This is not always so cut and dry awful as you might think though. The platform native widgets also have limitations and expectations that might not fit your vision of the app so even fully "native" apps might re-invent the wheel in a couple of places to make things work as they want. Also I've hardly ever come accross an application that works by just combining the basic platform widgets and not look and feel pretty basic.
Also cross platform apps not respecting e.g. Zoom, Resolution, Orientation, A11y, etc. is more often than not, just the developer's not implementing the required things. The framework might support all of these use-cases but not fully automatic in some cases.
There's no reason (in theory) that electron shouldn't support something like that, and it could (and should) be fixed at the electron layer, which would be ideal!
The author is using 3rd-party UI libraries that have each been designed to be platform-specific.
Traditionally a Flutter app would use the built-in UI components that are not platform specific, but then you end up with a Material-style look and feel.
There's not actually anything stopping the app from running with the macOS style UI on a Windows machine or using the Windows-style app on the web platform because they're all inherently cross-platform. In fact, the Windows-style UI package actually has compiled to Flutter web and you can use it straight from your browser: https://bdlukaa.github.io/fluent_ui/
The decision to build separate UIs for each platform was the author's choice, but it's not a traditional Flutter practice.
Mac users will fine some tiny difference that happens in some incredibly rare combination of elements, and call for you to die in a fire.
If you want it to look native on each platform (and this is key) you need to write different code anyway. MacOS and Windows design rules behave sufficiently differently that some of your UI logic will need to be different on each platform - it's not just a different skin that can be abstracted away.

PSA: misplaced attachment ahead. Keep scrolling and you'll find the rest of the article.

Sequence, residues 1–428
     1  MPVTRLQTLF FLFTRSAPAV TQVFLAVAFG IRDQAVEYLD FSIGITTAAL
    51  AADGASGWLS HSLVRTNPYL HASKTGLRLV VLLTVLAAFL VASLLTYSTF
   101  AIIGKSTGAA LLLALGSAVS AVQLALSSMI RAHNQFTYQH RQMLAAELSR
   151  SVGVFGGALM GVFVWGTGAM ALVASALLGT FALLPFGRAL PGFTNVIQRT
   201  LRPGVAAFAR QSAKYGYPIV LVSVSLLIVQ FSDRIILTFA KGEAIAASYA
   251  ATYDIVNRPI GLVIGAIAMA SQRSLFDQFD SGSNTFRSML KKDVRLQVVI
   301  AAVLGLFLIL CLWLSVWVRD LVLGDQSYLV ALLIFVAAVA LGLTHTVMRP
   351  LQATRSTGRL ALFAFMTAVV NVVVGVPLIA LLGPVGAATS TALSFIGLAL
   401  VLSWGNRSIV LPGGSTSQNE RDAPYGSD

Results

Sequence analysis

Flutter itself doesn't magically do anything for you - it doesn't care what platform you're running on because it does all its own rendering. It'll perfectly happily let you build a Mac looking app on Windows. It's then up to the libraries that you use (or create) to do whatever you want and abstract away whatever cross platform details.
The point I am trying to make is that Flutter is doing the right thing here, but the ecosystem is still maybe a bit limited.
IIRC, Photoshop is implemented this way - there is little code reuse at the UI side, but the bulk of the program is platform neutral. I had Photoshop (2.5) running on IRIX on my desktop for some (very fun) time.
Man those were the days...
You still use the same development tools, reuse your business logic, and reuse generic components/widgets.
You still need to account for the fact that users from different platforms expect different interfaces, but the common bits can be reused.
My guess is there were enough widgets with enough differences in behavior or features that they abandoned a theming approach.
Plenty of other opportunities to reuse code, this is not one of them.
If you don't care, or if your app has its own L&F (e.g like Spotify app), you only need 1 widget sets (which you can adjust the theme).
As others have pointed out in the comments, Flutter is drawn like a game engine, as in everything is drawn on a canvas, so at the end of the day it's just drawings, not native widgets.
How well does that work with accessibility features from the different operating systems? I never used Flutter or an application written with it, I just remember the horrible experience of using Gimp and Inkscape on macOS, and the lack of support for native accessibility features can be a pain.
There's ongoing work on the Windows implementation here, which is tracked in https://github.com/flutter/flutter/projects/209, but this is supported on macOS, Linux, phone and web platforms.
Flutter Apps should last longer using fewer system libs.
On the windows side the maximize widget is messed up and there is a stray 1pm border top left.
If "native looking" is your goal then please take screenshots of your faked window borders and widgets and overlay them over the real thing and see where you went wrong.